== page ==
Quotes about Contemporary Art

Artistic freedom

The question of art’s use takes us back, naturally, to art’s freedom. That the very concerns of art – creativity, enlightenment, criticality, self-criticism – are as instrumentally grounded as what they serve to conceal – business, state triage, and war – is the consideration that must be concealed. And it can be, because the local liberation offered in the production of art, and its enjoyment, are genuine. Bourdieu cites a letter by Flaubert on art’s freedom: That is why I love Art. There, at least, everything is freedom, in this world of fictions. There one is satisfied, does everything, is both a king and his subjects, active and passive, victim and priest. No limits; humanity is for you a puppet with bells you make ring at the end of his sentence like a buffoon with a kick.

Flaubert more than implies that the free mastery of the artist (and reader or viewer) is a cruel power. In Bourdieu’s analysis, Flaubert’s freedom, and that of the avant-garde in general, was purchased at the price of actual disconnection from the world of the economy. Other bohemian writers were the main and grossly inadequate market for such work, and books were written in deliberate defiance of bourgeois understanding. The autonomy of art was carved out of a reaction against both elevated bourgeois writing and engaged, realist literature; acclaim was only – if ever – achieved after the long passage of time, as new avant-garde forms displaced and familiarized the old. It is easy to see that the conditions for that freedom no longer exist in the art world: artists are snug in the market’s lap; works are made to court the public; sufficient autonomy is maintained to identify art as art, but otherwise most styles and subject-matter are indulged in; success generally comes swiftly, or not at all.

In these circumstances, the plausibility and power of art’s freedom are on the wane. Among the opening remarks of Aesthetic Theory, Adorno has this to say about artistic freedom: ‘absolute freedom in art, always limited to a particular, comes into contradiction with the perennial unfreedom of the whole’. Until that wider unfreedom is effaced, the particular freedoms of art run through the fingers like sand. While they may open a utopian window on a less instrumental world, they also serve as effective pretexts for oppression. By contrast, works of evident use press on the contradictions inherent in the system of art, and seek to liberate themselves from capital’s servitude. To break with the autonomy of free art is to remove one of the masks of free trade. Or to put it the other way around, if free trade is to be abandoned as a model for global development, so must its ally, free art.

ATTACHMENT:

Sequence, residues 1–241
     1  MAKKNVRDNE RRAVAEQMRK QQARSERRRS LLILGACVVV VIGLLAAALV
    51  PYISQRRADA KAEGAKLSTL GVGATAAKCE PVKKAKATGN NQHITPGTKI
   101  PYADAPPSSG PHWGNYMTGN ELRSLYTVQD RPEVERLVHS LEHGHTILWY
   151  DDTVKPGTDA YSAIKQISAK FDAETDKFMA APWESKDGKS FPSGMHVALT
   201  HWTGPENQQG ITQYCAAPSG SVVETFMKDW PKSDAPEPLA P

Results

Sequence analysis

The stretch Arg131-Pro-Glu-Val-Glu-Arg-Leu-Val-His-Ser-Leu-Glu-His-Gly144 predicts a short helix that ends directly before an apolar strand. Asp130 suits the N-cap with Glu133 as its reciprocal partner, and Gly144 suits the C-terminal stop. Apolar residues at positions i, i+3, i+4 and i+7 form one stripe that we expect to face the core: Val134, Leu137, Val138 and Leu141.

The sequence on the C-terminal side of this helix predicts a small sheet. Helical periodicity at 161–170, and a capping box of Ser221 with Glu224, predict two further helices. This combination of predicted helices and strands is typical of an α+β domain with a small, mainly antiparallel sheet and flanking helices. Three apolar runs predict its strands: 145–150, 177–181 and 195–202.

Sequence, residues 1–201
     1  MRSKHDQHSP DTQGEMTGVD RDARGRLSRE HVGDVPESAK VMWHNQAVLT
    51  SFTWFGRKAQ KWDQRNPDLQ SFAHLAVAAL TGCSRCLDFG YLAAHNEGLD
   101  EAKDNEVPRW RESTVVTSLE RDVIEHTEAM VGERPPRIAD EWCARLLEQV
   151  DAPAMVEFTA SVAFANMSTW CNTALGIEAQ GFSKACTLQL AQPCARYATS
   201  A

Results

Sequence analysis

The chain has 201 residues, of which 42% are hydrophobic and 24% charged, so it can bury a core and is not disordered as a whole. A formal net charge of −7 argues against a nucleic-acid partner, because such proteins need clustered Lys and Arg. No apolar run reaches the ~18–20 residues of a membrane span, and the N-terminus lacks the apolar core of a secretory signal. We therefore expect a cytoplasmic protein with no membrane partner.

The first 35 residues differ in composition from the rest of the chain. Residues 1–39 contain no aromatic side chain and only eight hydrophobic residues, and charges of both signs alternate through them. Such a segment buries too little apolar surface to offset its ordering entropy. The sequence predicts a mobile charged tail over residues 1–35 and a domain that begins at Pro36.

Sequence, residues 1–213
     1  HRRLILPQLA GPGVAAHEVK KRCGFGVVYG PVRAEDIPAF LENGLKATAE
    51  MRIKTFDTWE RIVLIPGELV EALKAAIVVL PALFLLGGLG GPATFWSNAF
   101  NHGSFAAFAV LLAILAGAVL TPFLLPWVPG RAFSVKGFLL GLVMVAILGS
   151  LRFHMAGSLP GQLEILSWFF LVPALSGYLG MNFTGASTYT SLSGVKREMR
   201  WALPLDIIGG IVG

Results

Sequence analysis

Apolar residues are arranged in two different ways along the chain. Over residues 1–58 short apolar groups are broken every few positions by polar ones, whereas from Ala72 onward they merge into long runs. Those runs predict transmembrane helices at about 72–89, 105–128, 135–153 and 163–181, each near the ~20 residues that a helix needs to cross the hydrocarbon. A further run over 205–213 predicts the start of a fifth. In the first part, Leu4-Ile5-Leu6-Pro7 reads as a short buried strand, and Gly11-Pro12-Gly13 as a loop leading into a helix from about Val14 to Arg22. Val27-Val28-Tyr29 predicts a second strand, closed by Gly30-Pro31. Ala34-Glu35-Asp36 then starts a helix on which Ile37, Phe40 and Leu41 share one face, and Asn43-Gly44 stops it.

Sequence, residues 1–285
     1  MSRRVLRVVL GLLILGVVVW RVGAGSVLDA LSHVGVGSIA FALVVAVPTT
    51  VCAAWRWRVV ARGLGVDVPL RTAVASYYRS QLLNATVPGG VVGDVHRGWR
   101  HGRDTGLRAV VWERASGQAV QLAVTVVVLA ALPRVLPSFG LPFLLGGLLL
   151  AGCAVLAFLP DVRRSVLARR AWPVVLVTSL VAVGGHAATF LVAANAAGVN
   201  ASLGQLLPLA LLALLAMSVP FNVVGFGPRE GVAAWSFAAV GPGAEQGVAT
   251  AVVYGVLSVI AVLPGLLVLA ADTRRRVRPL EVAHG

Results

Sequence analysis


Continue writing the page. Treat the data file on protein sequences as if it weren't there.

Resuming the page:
(Julian Stallabrass, The story of contemporary art)

Art as University Discipline

Howard Singerman’s fine account of the development of art as a university discipline analyses the effects of this institutionalization on art’s products. Universities work to separate professional artists from Sunday painters, and do not expect of art students that they be manually skilled, take recreational pleasure in their work, or wrench it from their tortured souls. Rather, they must produce a distinct and certifiable knowledge, in a theoretical and esoteric language, guaranteeing the exclusivity and status of the art profession. Artists are not only trained in universities but sometimes come to inhabit them – as part-time teachers, or as touring performers accompanying their work. The art of the academy which Singerman compellingly describes – comprising video, film, and performance – usually requires the presence of the artist at least for exposition, appeals to academic audiences, and is built on grants, fellowships, and residencies. This escorted art may sell, but it achieves an independence from the commercial market, since the artist’s time is purchased rather than the work. It, too, achieves autonomy from the general run of mass culture, at the price of adapting to another set of institutional concerns, those of the increasingly audited and professionally administered university. Its main purpose is to generate dialogue among professionals, but the effects are far broader than that, influencing much of the discourse around art.